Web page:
While writing co-op bylaws in Manitoba, this section should include provisions outlining whether the co-op will issue membership share certificates (normally co-ops will not, but they may issue receipts for the purchase of membership shares) and liens for indebtedness if members are allowed to borrow from the co-operative. The co-operative can enforce liens on members’ shares, any property held in the co-op, or sums payable to the member (e.g. patronage returns or dividends).
This section of the sample bylaws contains provisions for two important financial aspects of a co-operative: the general reserve and surplus. Bylaws regulating reserves should establish the creation of a general reserve fund and identify the minimum percentage of the co-op’s total assets (including property, cash reserves, and working capital) that the general reserve must make up before patronage returns will be issued. Unless the co-operative owns property, the general reserve will make up most of the co-op’s assets; it may be useful to set a target based on the co-op’s revenue or expenses (e.g. 80% of one year’s revenue).
In this section you should outline how profit might be shared with the members. The sample bylaws include a section identifying how patronage returns might be allocated based on use of the co-op’s services; issuing dividends on shares may be an alternative in some cases (e.g. investment co-ops). Your bylaws should also include the co-op board’s authority to determine the amount of profit allocated to members and the ability to issue shares instead of cash. Issuing shares instead of cash can allow the co-op to hold on to its cash if it wants to make a special investment in an expansion or other operations. It’s useful to outline the minimum patronage return the co-op will issue a cheque for (e.g. $5) and how the co-op will provide notice of patronage returns to members. (This form must be created by the board and should outline the cash and shares the member will receive as their share of the profit).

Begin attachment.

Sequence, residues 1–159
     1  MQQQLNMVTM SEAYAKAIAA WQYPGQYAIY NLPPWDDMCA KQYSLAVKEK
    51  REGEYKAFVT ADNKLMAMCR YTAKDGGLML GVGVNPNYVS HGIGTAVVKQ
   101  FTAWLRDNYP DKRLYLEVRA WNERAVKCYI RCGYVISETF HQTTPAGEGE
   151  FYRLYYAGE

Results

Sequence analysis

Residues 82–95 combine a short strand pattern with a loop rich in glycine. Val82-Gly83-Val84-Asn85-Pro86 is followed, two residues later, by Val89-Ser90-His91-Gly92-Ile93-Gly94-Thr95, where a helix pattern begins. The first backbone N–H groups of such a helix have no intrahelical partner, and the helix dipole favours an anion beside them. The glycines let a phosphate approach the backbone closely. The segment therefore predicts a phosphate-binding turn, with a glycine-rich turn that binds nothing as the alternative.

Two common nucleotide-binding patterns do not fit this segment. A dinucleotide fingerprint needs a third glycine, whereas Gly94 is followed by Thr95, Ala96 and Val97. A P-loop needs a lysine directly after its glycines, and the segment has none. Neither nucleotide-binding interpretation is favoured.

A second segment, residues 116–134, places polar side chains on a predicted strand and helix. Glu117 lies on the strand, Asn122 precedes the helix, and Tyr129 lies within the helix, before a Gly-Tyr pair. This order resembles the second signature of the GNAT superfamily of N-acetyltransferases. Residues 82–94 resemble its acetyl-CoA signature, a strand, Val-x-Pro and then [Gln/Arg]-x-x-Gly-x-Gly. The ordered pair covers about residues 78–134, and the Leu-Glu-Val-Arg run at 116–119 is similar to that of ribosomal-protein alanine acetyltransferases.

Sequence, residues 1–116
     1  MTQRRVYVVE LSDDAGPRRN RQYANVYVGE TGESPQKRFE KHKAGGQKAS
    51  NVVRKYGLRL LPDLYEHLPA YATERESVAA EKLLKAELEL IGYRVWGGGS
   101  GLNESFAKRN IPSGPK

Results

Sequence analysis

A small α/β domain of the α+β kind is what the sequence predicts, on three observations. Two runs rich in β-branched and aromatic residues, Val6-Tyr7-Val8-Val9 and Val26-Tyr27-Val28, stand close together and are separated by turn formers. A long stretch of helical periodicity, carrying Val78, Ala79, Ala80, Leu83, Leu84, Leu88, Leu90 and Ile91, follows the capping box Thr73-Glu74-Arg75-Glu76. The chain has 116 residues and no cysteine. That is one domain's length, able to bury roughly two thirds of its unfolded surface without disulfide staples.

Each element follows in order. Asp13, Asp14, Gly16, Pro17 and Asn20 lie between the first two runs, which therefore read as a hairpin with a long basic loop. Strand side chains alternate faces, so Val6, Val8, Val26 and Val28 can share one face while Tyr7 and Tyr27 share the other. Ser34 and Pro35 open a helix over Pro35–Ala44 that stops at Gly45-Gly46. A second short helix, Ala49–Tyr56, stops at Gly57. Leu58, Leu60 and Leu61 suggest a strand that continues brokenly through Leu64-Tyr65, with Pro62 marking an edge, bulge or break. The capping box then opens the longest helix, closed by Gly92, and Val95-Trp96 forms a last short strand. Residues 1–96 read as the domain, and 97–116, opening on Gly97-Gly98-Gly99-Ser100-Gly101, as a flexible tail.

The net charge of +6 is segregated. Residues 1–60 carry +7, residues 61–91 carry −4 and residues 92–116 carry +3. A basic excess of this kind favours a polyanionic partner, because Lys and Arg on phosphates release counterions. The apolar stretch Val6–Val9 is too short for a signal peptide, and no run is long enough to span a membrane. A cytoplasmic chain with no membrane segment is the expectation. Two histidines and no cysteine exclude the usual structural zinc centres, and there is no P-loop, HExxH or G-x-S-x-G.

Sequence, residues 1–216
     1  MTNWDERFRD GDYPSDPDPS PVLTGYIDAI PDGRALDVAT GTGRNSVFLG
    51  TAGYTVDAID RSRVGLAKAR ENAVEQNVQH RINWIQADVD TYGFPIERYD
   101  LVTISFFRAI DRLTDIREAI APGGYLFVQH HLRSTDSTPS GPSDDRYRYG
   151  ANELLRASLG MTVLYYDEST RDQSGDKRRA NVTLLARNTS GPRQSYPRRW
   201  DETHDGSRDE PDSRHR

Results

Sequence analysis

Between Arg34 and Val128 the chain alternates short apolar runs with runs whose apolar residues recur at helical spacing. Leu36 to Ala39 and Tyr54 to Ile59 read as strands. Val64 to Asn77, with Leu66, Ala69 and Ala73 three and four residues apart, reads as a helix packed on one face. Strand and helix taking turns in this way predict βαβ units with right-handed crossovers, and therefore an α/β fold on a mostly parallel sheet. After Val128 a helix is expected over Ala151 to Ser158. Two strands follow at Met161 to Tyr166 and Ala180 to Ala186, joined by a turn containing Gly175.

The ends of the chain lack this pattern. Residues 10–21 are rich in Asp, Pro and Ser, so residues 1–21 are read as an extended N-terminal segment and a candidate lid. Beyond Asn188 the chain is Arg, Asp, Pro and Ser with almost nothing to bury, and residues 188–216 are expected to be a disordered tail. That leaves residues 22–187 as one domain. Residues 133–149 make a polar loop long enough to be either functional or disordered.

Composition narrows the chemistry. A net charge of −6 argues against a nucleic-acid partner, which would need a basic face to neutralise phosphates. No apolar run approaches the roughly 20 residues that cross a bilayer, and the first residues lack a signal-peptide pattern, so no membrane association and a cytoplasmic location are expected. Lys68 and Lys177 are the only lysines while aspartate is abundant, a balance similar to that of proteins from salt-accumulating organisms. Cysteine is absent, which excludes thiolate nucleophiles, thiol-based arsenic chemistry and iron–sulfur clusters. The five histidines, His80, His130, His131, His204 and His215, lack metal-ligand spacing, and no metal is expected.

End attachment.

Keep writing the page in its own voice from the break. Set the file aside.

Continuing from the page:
Section 7.07 of the sample bylaws provides a list that prioritizes how the co-op will repurchase the membership shares of various members. This will help organize the buy-back (redemption) of shares mentioned in Section 6 and should be customized to suit the co-op’s preferences and realities. For instance, a worker co-op may prioritize redeeming the shares of a deceased member and may not redeem members’ shares once they reach a certain age. The Act only allows for co-ops to take up to one year to buy back shares of outgoing members therefore they should be prioritized. Payments to remaining members usually have the lowest priority as they can be issued membership shares instead of cash.
When writing co-op bylaws in Manitoba, this section of the sample bylaws provides regulations and guidelines for members’ meetings. When writing co-op bylaws in Manitoba, you should outline some of the basics including:
You should include provisions that either allow or prevent electronic meetings. The bylaws don’t have to include instructions on how these meetings should be conducted, but should require that such meetings adequately accommodate all members. Also, your bylaws should clarify the process for mail-in or electronic voting, if you decide to allow these processes.
Outline how members receive the information required to vote and rules that clarify how voting is governed (e.g. one member, one vote; votes are counted on the day of the members’ meeting; etc.). Any rules placed on voting at members’ meetings should be included in this section; however, standard rules are provided for it in the Act (e.g. one member, one vote, majority rule, resolutions are defeated in the event of a tie, etc.). One rule that should be considered is how members vote at meetings — typically votes are by show of hands unless a secret ballot is requested by a set number of members (e.g. 5).
This section of the sample bylaws outlines the method of giving notice to members, directors, officers, or committee members. The board may give additional notice using various types of media (social media, newspapers, etc.), at its discretion. Notice that must be given to an individual is sent by mail to the person’s recorded address. Individuals must update their recorded address with the co-operative. The co-operative is not obligated to provide further notice if successive attempts to provide notice fail.